Maine is full of small-town charm that often gets overlooked when visitors flock to the southernmost parts of the state. As a Mainer, I always encourage tourists to save time for all the magic that lies north of Portland.
My advice often invites the question, “Oh, you mean Acadia National Park?” While Acadia should not be missed, I’m talking about the in-between towns — the places with convenience stores that sell a mishmash of groceries, antiques, and lawn ornaments; places where your server is probably also the owner, and where “ayuh” is used instead of “yes.”
Here are some of the best small towns in Maine.
Most know Ellsworth as a place to drive through en route to Acadia National Park and Mount Desert Island. But there are a few reasons you should do more than stretch your legs here. For starters, you can buy cheesecake on the honor system. Momo’s Cheesecakes offers its treats from a garage that has been renovated to keep up with the demand.
On the other end of Main Street, 86 This! calls itself “a classy, punk-rock burrito shop.” A wide variety of creative wraps are perfect for your picnic basket. Meanwhile, yogis will delight in Steamy Buddha‘s offerings. And just past the Ellsworth line, there’s a Maine experience like no other: Timber Tina’s Great Maine Lumberjack Show. Watch the show or try your hand at log rolling.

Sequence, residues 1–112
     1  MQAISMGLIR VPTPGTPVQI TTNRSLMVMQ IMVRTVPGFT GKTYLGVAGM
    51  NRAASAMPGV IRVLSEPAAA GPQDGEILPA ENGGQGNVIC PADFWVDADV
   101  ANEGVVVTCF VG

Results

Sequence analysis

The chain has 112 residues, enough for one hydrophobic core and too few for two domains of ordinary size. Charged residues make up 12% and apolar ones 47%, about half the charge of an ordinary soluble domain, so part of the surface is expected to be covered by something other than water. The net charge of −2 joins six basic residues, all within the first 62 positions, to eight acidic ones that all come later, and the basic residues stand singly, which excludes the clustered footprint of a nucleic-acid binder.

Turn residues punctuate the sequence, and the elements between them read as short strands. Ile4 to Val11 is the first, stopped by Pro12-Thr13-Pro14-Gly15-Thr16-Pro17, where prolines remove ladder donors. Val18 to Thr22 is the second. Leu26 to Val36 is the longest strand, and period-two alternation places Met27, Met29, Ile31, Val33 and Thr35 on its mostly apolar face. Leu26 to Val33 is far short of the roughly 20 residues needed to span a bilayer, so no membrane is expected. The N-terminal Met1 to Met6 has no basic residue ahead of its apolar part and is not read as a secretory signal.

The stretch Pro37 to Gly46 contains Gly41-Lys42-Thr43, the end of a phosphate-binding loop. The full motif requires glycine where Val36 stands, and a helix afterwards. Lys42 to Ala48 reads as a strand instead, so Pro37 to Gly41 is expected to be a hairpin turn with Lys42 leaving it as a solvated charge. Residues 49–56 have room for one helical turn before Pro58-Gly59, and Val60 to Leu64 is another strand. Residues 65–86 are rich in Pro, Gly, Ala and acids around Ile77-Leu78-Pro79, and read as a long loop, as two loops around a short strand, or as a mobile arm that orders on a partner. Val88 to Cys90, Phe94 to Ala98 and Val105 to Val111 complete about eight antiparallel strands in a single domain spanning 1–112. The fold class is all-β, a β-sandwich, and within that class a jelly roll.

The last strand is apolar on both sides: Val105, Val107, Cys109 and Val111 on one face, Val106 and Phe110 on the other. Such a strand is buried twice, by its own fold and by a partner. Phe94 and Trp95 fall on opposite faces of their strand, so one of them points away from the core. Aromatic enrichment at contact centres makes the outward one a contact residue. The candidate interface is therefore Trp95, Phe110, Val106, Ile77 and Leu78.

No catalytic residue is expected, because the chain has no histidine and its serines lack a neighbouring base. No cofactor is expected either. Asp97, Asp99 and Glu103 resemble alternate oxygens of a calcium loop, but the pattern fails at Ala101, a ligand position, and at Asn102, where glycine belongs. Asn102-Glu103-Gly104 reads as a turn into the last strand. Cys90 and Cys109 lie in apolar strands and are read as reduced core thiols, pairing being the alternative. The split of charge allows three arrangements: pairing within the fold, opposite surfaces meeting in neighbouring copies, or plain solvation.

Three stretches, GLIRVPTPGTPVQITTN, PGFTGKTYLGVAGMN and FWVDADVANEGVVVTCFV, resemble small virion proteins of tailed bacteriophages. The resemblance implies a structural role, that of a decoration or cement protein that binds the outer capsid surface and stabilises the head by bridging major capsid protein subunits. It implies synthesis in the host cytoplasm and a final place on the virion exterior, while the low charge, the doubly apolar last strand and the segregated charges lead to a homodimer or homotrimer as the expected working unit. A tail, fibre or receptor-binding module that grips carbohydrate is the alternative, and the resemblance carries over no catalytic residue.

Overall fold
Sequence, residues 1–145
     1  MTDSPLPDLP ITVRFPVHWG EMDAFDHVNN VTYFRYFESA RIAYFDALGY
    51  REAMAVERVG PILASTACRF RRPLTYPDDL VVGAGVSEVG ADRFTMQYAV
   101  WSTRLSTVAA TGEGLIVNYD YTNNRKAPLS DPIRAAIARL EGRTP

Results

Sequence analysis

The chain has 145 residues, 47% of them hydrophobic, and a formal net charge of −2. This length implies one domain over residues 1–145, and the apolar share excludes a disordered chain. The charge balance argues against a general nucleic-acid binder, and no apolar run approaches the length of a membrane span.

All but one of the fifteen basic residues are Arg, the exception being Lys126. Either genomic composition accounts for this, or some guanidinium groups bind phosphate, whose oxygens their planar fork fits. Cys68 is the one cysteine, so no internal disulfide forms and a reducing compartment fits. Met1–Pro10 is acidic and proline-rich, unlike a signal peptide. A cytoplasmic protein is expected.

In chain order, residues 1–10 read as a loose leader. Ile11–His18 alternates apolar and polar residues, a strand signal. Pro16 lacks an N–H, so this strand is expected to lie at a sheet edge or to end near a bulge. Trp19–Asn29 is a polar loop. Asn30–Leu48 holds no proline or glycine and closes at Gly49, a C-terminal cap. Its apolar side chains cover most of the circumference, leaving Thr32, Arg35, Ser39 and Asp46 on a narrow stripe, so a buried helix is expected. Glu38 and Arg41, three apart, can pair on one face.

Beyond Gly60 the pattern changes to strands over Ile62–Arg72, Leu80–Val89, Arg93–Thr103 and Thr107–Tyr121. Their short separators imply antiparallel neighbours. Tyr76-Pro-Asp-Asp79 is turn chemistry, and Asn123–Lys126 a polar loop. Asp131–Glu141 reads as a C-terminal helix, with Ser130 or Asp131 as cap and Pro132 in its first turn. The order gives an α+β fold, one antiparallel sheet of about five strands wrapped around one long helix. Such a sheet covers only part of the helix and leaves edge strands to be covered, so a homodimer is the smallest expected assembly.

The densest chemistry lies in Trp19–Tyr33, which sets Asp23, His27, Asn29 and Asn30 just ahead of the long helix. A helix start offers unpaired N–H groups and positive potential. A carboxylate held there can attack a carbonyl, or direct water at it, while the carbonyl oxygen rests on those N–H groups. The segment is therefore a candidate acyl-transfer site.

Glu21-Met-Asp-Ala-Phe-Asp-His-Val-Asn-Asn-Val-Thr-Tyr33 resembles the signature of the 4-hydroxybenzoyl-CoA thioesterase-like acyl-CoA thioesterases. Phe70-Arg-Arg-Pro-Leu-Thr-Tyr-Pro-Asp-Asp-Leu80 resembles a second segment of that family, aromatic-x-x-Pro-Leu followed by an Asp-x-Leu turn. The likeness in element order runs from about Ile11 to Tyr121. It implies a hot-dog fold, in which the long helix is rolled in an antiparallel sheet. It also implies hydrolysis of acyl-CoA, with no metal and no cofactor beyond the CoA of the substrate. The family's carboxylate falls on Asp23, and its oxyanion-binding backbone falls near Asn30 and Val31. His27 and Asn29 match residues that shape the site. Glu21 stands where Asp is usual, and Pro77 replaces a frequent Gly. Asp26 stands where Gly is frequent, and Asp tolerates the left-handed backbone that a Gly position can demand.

Where to Stay: Under Canvas Acadia, a luxury glamping experience, is a short distance away in Surry.
Moosehead Lake is Maine’s largest lake, but it’s not as frequented as its southern counterpart — Sebago Lake. Greenville is a 1.5-hour scenic drive from Bangor International Airport and Moosehead is certainly the focal point of the town. One way to take in the lake’s beauty is by booking a seaplane ride — ideal for both the summer and fall.
Steamboat Katahdin has been around for 100 years and outlived what used to be a competitive market of vessels. Visitors can also join a Registered Maine Guide for a unique moose safari. And road trippers will love Lily Bay State Park for its sandy beach, campsites, playground, and picnic areas.
Where to Stay: Rent a camp. “Camp” is a term Mainers use in place of lake house, cottage, cabin, and more.